MSA presents list of new issues and initiatives for winter quarter

Sascha Matuszak

The Minnesota Student Association will present their own agenda of things to do when the legislative session begins Tuesday.
MSA has made a list of more than 15 issues and initiatives they would like to see resolved this quarter. While many of the initiatives are carrying over from last quarter, MSA President Jigar Madia said some are fresh ideas resulting from research done by the association.
The new initiatives include:
ù Revising the Student Transportation Advocacy Committee, which is intended to represent the student body in such issues as parking and public transportation. The committee was originally formed last quarter to review the fledgling U Pass Project, which would have allowed students to ride any Metro Transit bus during the quarter for $20 to $30.
However, the committee has now assumed the role of student advocacy over transportation and parking in general.
ù Student input in the renovation of Coffman Memorial Union and the building of a new residence hall. The Coffman Memorial Union Board of Directors is currently putting together a fees request for the renovation, slated to begin next year.
“Student representation is vital,” said CLA senator Britta Ylikopsa.
ù Plans to throw its support behind the drive for a proposed Asian-American studies program.
Jill Sanders, head of the Asian-American Cultural Association, said that the group is currently in the process of garnering support for the program from professors and graduate students throughout the University.
ù A program called “Pack the Rink for Women’s Hockey,” in which MSA would buy a block of tickets for a women’s hockey game and then give them out free to students.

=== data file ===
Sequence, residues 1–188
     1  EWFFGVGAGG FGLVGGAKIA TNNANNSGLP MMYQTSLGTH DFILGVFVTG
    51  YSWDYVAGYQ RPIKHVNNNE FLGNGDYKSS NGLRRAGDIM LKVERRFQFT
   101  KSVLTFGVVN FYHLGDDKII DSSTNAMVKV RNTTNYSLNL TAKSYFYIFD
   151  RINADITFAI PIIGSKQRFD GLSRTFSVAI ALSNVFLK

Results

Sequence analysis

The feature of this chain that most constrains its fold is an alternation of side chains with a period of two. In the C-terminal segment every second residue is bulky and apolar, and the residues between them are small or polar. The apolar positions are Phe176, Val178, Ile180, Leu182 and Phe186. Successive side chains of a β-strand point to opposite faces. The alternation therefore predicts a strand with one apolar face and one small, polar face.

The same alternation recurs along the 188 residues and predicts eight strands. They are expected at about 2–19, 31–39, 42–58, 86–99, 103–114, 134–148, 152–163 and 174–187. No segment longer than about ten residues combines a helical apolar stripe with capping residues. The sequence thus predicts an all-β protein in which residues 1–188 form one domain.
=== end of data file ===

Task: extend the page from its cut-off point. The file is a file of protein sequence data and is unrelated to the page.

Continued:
ù Establishing more 24-hour computer labs throughout the University. Currently, Lind Hall is the only all-night lab open to all students. The Institute of Technology has an another 24-hour lab, but it’s only open to IT students.
ù A study of the student advising structure, including the ratio between students and advisors. The association also wants to determine whether advisors concentrate primarily on academics or career options.
Another proposal is a student “bill of rights,” outlining what the students expect of the advisors, and what services the advisors will provide
The association plans to look into the benefits reaped by students by the changeover to Aramark Corp. vending, a privately owned company, from public vending.
They also plan to publish a Student Community Book, which will focus on the University experience from the perspective of the students.
“This is a tangible look at what we represent: the student population of the University,” said Kjersten Reich, student life committee chairwoman.